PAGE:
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Joshua Thomas
Chris Loxley plays cello with Brooklyn band Ponyhof.

Joshua Thomas
Carrie Erving sings lead vocals and plays keyboards in the Brooklyn-based band Ponyhof.

Joshua Thomas
The crowd watches Ponyhof play at Unity Hall Saturday night.

Joshua Thomas
Headliner Xenia Rubinos plays Unity Hall on Saturday evening.


Diverse bands play Unity Hall benefit

Thursday, July 17, 2014 - Updated: 2:08 AM


C-S-E Editor

FORT PLAIN -- On Saturday night, the Mohawk Valley Collective held the third show of its Summer Concert Series at Unity Hall, inviting a diverse selection of bands and performers from the northeast to fill its huge, second-floor sanctuary with music.

Playing first was local musicians Sarah Bogran and Joe Gyurik, performing together for the first time at Unity Hall after both having played there separately -- Bogran during the first concert of the season in May, and Gyurik during last month's well attended event. Connecticut band Tinniens performed second, playing a clattering and propulsive set.

Up third was Brooklyn-based band Ponyhof. Lead singer Carrie Erving is familiar with the local area, first having met Mohawk Valley Collective Member Tolga Morawski during a benefit show at Beardslee Castle held to raise money for local restoration-aimed projects.

Ponyhof, playing in a stripped down incarnation Saturday, featured Chris Loxley on stringed instruments and Erving on keyboard. The band performed songs from its debut album "Empires," alongside two haunting old folk songs, during which Erving's full voice echoed through the massive, peaked room, the ethereal performance floating out the cracked windows into the street outside.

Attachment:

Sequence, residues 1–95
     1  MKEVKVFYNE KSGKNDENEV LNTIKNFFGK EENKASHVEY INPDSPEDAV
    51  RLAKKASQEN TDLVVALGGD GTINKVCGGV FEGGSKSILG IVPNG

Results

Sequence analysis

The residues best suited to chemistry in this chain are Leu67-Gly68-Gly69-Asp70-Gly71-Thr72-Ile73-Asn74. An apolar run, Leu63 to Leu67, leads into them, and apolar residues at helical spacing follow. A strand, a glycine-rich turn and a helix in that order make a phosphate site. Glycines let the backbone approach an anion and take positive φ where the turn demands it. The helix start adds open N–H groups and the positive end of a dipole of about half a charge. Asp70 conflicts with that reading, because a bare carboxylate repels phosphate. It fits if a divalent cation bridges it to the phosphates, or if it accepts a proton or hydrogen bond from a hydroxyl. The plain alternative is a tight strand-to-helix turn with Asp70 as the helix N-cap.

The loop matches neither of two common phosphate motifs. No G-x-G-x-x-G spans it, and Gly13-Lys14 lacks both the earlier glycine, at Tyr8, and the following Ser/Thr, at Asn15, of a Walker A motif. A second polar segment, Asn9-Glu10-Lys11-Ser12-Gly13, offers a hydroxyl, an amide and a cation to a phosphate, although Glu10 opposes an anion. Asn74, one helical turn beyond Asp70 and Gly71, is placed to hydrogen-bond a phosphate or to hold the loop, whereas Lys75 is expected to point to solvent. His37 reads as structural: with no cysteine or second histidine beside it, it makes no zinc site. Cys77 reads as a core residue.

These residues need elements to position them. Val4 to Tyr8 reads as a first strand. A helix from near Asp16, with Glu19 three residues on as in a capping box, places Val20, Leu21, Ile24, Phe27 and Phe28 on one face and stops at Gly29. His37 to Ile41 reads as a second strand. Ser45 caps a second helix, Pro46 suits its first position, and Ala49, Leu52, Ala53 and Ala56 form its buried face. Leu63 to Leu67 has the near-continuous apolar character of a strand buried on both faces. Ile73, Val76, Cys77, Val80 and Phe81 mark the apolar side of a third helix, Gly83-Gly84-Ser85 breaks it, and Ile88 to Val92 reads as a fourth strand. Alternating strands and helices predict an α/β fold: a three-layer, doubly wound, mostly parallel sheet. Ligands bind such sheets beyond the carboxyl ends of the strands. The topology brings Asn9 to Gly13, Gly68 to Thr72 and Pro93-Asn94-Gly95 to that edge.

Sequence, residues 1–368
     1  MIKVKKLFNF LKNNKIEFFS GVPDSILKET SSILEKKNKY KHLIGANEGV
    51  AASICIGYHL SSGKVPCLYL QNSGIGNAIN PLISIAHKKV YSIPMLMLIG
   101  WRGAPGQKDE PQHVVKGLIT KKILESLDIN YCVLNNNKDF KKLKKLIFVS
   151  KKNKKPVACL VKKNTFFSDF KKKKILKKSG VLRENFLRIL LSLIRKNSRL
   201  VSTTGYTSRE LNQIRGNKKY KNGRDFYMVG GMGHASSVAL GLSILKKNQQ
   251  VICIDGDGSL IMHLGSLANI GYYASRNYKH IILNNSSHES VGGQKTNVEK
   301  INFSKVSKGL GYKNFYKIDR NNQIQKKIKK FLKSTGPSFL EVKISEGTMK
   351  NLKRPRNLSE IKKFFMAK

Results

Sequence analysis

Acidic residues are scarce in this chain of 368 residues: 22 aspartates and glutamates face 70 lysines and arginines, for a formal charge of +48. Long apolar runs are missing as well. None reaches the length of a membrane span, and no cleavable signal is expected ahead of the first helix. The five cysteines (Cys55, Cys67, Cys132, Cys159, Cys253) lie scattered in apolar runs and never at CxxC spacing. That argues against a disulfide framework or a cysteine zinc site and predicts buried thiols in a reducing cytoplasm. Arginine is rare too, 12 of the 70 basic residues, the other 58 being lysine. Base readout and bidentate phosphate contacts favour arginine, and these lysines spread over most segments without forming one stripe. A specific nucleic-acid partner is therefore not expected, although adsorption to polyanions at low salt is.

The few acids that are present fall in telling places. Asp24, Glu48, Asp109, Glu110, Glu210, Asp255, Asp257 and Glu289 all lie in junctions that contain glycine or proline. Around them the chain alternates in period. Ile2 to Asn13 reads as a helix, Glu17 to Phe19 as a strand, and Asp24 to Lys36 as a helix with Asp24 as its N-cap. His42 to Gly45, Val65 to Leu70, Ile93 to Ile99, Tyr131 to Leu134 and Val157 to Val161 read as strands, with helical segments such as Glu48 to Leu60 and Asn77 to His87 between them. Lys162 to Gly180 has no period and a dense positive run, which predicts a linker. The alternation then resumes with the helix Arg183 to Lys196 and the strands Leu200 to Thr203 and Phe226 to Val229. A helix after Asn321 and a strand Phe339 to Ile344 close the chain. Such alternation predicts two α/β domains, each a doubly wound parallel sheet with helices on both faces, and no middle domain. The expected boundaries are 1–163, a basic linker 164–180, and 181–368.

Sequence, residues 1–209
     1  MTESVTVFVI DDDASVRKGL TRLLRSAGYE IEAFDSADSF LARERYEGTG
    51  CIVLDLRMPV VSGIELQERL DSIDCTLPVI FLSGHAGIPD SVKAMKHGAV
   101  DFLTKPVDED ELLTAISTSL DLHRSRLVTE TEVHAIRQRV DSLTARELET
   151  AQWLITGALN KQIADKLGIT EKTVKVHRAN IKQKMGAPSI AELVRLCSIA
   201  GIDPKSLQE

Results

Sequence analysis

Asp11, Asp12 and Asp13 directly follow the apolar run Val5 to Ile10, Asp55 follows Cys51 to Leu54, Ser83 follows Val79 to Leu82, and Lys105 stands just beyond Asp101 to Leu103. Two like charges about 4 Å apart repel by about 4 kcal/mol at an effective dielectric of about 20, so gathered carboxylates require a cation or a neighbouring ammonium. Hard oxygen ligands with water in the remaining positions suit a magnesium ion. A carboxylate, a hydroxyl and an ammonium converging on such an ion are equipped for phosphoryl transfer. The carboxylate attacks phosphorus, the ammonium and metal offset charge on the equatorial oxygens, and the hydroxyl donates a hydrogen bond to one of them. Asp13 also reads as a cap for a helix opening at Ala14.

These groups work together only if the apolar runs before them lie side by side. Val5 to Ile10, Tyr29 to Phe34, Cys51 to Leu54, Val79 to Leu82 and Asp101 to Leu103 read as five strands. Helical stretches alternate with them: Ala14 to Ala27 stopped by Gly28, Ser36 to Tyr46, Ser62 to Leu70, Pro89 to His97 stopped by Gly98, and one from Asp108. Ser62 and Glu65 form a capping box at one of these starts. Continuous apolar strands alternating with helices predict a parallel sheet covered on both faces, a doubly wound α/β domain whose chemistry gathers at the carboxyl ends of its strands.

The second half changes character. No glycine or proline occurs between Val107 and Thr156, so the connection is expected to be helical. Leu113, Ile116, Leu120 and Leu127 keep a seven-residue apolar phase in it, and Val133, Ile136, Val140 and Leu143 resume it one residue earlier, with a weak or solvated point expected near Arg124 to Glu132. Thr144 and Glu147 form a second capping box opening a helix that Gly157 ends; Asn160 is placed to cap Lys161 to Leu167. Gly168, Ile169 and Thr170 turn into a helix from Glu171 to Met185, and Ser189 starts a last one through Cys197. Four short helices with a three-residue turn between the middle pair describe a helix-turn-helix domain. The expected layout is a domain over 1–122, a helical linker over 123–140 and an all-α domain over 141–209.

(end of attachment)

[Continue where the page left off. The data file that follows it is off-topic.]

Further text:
Performing last was Xenia Rubinos, who kicked off her short, but dramatic, set with an aggressive, invocation-style rocker. Rubinos, playing a keyboard and accompanied by drums, moved through her fast paced set with intensity, ending the charged, but melodic performance much the same way as it began, with Rubinos pounding away at a synthesized organ as she shouted and sang as if the world was ending.

Each band took the time to thank Morawski, appreciative of the chance to help bring in money for the building's continued restoration, and for the purchase of sound equipment.

"We absolutely loved playing at Unity Hall," commented Erving, adding, "I am so impressed with the scope of Tolga's undertaking to preserve and restore this historic building and to provide a new source for live music in the Fort Plain community, and I am excited to watch as this project continues to grow."

Erving continued, "I found that the beautiful openness of the church space had a big impact on our performance, and as musicians who spend a lot of time playing in rock venues, it was a great opportunity for us to experiment with which of our songs would work best sonically in this unique space."

Erving said that meeting people from the community "and connecting with local musicians," rounded out the fulfilling experience.

In an attempt to provide the best equipment possible for upcoming shows, MVC is currently accepting donations of sound equipment, mixers, amps, instruments, PAs, microphones, microphone stands, and other audio gear. MVC will provide donation receipts for donors' taxes.


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